Saturday, September 19, 2009

Would you buy a used car from your narrator?

Sometimes, when the telephone rings and you answer it, instead of waiting for some kind of gated-community security assurance from the answering machine, you are greeted by a complete stranger who introduces with some vague job description.  "With the Sheriff's Department," or "From a Research and Marketing Division," or even the more prosaic, "This call may be monitored by quality control to see that you are being given courteous service."  This introduction is invariably followed by an inquiry, ambiguous enough to allow interpretation of How is your health today? or How is your attitude today?  The question is the casual-sounding How are you, today?  To which you, with increasing frequency, reply, "When someone I don't know calls to ask how I am, I suspect they are reading from a script and either want money or want to sell me something?

What are the qualities and characteristics of a narrative voice that arouse such varying responses as suspicion, reliability, boredom,hostility?

Setting aside the obvious answer that differing stimuli transmit these responses variously, we repeat the question, looking for the lowest possible common denominator of "tells," signs by which we judge the intent and integrity of a narrative source.

In our mind, we compose lists of selling voices, starting with the now iconic used car sales person, the telephone solicitor, the telephone sales person, the religious enthusiast wanting to "sell" or promote a particular path to either salvation, redemption, or outright merging with the godhead; the politician, he who warns of dire consequences, or the recruiter in some cause.  All these have apparent motives which will be revealed if we hear the narrator out, which makes us cynical in a way we have rarely been cynical:  their entire pitch is predicated on our agreeing to something because we are bored and want to get rid of them.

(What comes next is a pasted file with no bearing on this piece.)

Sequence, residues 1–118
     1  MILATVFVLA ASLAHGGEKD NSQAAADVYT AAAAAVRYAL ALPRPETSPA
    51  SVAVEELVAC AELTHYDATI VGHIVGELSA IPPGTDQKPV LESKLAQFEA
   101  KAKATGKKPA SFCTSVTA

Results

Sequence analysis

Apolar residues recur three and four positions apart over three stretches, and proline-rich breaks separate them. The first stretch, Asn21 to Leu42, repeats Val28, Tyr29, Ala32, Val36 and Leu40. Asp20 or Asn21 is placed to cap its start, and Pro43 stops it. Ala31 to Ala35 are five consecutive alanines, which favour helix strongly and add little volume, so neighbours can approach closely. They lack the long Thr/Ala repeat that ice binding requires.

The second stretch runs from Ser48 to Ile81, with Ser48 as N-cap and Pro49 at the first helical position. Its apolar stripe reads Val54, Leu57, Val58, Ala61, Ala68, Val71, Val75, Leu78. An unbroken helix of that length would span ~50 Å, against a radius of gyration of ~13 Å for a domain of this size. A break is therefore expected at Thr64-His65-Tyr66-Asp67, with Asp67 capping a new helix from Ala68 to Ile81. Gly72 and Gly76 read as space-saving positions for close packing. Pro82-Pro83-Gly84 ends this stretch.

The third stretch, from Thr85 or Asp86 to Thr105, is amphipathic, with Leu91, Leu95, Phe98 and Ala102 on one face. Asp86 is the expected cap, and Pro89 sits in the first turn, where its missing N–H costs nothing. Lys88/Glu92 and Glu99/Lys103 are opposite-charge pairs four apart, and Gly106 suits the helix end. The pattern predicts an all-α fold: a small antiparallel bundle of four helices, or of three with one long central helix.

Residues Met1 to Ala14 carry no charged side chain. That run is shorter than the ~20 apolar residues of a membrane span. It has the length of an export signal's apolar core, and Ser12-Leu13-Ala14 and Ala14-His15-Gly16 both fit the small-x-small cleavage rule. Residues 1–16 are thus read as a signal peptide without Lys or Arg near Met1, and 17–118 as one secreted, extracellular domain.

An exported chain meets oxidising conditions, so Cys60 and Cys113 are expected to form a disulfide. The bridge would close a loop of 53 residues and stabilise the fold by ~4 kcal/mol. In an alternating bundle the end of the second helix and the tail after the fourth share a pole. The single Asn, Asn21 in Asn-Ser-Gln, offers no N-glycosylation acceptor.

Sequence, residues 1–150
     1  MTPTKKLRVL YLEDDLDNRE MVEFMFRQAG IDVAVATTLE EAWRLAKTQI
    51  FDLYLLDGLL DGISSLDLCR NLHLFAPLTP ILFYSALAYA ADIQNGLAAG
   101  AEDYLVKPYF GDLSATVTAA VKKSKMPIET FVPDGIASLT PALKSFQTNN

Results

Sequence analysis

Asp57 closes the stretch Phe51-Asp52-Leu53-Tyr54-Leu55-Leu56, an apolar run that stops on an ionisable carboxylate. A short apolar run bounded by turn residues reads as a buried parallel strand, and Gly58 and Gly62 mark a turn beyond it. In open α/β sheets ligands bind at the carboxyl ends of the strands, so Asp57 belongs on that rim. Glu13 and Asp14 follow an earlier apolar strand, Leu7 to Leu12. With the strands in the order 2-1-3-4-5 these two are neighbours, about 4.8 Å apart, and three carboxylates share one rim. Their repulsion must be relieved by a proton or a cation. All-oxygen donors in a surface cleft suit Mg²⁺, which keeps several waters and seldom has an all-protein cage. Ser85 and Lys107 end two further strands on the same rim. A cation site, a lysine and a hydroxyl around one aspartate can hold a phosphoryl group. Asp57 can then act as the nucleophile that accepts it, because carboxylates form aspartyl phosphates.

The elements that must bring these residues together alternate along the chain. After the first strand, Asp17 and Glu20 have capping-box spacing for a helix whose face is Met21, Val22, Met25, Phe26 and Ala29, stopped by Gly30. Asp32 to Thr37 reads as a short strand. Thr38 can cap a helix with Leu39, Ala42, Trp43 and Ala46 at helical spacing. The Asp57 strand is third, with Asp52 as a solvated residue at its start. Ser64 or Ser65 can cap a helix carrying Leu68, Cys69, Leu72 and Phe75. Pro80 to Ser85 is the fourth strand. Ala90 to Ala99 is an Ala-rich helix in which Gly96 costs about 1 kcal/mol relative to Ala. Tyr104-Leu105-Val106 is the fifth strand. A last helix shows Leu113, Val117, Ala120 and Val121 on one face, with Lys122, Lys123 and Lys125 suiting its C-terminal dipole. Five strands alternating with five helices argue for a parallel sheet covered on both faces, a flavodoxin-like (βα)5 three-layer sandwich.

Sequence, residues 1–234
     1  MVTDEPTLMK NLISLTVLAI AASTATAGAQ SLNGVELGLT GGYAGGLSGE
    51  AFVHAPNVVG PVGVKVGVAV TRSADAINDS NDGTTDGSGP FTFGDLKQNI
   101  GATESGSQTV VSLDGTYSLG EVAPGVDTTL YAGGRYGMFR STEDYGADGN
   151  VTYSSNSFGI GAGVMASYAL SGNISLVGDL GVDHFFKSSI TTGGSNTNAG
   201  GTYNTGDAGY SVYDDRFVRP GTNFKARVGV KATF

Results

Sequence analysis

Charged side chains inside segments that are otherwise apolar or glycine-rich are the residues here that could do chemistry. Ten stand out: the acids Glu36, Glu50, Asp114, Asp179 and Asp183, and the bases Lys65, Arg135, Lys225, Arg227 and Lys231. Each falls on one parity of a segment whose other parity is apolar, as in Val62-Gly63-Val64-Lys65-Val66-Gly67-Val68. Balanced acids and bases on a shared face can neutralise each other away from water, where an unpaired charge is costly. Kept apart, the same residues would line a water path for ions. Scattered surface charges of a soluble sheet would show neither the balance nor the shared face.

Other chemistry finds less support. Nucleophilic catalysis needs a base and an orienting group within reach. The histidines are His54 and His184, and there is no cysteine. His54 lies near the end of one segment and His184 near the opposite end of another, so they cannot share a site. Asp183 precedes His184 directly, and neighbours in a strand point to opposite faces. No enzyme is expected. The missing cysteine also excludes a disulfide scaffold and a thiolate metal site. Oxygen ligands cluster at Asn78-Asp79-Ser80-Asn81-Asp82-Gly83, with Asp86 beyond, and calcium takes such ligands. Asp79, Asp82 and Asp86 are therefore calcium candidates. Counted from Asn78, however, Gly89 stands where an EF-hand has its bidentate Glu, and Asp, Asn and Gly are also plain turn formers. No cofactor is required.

There are more subtle voices, although it is often debatable how subtle their intent, that carry hidden political agendas secretly reeking of elitism, protectionism, racism, and perhaps verging upon delusion.

Would we buy a used car from our own narrator?  Indeed, why did we chose this particular narrator or narrative form?  At first blush, the multiple point of view appears to be the most democratic and reliable since it allows us to take sides in our emotional assessment of the story, but this is not always a possible point of view, particularly in a short story.  Yeah, yeah; William Trevor manages it in a short story, but A) he is William Trevor and B) he has a track record of being empathetic to all his characters, even the ones with malign intent.

Look at the results of the narrator in Ford Maddox Ford's The Good Soldier, who starts things off with a rousing assertion, "This is the saddest story I ever heard," then, as the novel unfolds, appears not to have seen what was happening under his very nose.  In short, is anyone reliable or, for that matter, trustworthy?

Much as these questions may be interpreted to cut off narration entirely, it is floated forth as a greater indication that the narrator must have a personality, a motive for telling the story, an intent, and even an agenda.  Your own agenda in asking these questions is to help you arrive at the intent of the narration of a story you are living with quite a bit these days and which is reaching the point of wanting to be set down on paper--but through what filter?

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